There is substantial evidence for the involvement of STAT3 in cell motility, migration, and invasiveness under normal and abnormal biological situations. Specifically, STAT3 controls cell migration during normal zebrafish gastrulation through stimulation of the gene encoding LIV-1 (3, 4), a zinc transporter required for Snail nuclear localization. Snail is a transcriptional repressor and is involved in invasive and migratory phenotypes in epithelial cells (5). STAT3-deficient murine keratinocytes are unable to migrate in a wound assay, in part because of abnormal p130CAS phosphorylation (6). p130CAS is a focal adhesion–associated adaptor protein that is tyrosine-phosphorylated by kinases such as focal adhesion kinase (FAK) or Src and is dephosphorylated by protein tyrosine phosphatases such as PTP-PEST. p130CAS contributes to the formation and stability of focal adhesion complexes and reorganization of cytoskeletal proteins. Tyrosine-phosphorylated STAT3 potentiated the metastatic spread of melanoma-derived cell lines through the transcriptional activation of the matrix metalloproteinase 2 gene (MMP-2) (7). STAT3 activation was also required for induction of the genes encoding MMP-1 and MMP-10 in bladder cancer cells, leading to both increased migration and invasion in vivo (8). The JAK-STAT3 pathway is involved in trophoblast invasion (9), and STAT3 plays an indispensable role in interleukin-6 (IL-6)–mediated T cell migration (10). Depletion of STAT3 inhibited migration of ovarian carcinoma cells (11). In MCF-7 breast cancer cells, activation of STAT3 in response to the cytokine oncostatin M increased migration and caused morphological changes (12). Activated STAT3 promoted collagen production and cell migration in keloid pathogenesis (13), which causes excessive scarring at sites of injury.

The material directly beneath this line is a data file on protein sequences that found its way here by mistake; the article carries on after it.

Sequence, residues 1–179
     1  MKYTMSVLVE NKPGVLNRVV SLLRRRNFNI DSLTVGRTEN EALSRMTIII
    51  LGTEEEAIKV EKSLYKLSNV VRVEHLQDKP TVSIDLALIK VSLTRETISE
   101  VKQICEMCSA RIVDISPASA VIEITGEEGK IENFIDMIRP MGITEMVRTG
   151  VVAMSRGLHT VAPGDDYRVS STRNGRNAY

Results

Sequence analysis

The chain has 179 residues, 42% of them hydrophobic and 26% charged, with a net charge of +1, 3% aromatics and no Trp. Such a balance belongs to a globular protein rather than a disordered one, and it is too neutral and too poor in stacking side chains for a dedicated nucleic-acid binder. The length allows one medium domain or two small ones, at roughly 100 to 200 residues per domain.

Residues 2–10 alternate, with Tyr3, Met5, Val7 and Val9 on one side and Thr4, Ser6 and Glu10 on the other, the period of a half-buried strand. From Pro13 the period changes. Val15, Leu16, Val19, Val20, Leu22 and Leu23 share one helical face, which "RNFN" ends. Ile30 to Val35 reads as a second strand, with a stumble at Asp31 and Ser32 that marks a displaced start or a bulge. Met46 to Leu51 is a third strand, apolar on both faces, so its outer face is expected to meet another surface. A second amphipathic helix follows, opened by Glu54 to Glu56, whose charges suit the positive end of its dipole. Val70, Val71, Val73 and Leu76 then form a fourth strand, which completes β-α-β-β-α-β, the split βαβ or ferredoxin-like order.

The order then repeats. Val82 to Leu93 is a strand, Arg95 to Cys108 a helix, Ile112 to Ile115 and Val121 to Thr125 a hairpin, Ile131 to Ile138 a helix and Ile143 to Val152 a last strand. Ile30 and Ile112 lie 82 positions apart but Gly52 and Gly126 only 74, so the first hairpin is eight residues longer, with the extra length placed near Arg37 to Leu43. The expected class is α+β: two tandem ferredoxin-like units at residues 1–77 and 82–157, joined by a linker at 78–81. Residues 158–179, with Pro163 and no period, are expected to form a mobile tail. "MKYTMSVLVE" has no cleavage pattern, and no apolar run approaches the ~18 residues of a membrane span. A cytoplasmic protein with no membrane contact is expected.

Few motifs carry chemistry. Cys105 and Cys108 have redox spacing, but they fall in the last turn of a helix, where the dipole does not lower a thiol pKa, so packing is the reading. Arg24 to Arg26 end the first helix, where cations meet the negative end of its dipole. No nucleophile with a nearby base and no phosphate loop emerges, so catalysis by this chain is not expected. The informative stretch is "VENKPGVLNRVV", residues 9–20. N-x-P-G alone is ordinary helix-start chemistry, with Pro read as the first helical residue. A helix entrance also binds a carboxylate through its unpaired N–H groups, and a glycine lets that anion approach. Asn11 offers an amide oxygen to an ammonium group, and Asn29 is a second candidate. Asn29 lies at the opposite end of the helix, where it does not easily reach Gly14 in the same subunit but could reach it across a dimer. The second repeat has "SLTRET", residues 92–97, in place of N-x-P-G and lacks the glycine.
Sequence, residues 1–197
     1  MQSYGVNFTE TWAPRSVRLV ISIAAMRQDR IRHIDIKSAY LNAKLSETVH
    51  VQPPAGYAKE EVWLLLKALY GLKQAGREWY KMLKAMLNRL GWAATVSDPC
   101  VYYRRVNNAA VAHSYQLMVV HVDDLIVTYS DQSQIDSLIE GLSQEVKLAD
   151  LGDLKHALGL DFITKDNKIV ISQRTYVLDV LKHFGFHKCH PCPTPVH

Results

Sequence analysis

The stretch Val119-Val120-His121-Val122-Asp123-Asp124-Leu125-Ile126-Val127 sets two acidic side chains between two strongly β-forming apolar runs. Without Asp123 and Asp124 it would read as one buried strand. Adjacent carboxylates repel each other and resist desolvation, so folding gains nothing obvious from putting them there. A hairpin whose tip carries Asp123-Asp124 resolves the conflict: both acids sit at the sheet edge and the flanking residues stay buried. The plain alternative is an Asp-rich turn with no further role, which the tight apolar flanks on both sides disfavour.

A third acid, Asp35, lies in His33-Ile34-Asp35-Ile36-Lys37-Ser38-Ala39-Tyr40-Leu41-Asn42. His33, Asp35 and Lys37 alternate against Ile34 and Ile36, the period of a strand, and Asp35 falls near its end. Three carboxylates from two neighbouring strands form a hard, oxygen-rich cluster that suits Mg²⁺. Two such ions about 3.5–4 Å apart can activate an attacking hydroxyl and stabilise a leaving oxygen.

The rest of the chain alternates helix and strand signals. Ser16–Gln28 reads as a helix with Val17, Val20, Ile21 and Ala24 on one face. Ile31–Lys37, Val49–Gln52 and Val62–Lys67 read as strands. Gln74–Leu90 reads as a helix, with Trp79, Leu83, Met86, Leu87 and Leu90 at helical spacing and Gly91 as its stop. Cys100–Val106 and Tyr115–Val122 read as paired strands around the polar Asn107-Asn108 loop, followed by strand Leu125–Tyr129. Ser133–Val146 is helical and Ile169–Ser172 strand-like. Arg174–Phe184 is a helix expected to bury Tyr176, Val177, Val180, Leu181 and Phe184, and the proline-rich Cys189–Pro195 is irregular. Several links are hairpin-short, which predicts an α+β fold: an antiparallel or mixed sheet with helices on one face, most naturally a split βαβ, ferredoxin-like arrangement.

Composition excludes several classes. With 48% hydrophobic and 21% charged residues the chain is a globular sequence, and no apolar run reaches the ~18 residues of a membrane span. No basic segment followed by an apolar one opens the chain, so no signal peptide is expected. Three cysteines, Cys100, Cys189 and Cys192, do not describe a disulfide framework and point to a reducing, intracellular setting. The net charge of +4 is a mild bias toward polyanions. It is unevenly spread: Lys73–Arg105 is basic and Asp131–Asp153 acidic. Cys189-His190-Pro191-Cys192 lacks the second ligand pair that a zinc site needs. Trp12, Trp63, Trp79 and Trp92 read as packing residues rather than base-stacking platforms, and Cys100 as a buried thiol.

These observations unambiguously champion a critical role for tyrosine-phosphorylated STAT3 in cell motility, but the mechanisms by which STAT3 imparts its function have been attributed almost completely to its tyrosine phosphorylation–mediated transcriptional activity. Some evidence has also been presented for non–tyrosine-phosphorylated STAT3 as a transcriptional regulator (14), but the relevance of these genes to cell motility has not been established. Ng et al. (15) provided evidence for a novel mechanism for STAT3 in cell motility and were the first to clearly demonstrate, through a direct interaction with a tubulin-binding protein, that non–tyrosine-phosphorylated, nontranscriptional STAT3 can stabilize the polymerization of microtubules (MTs).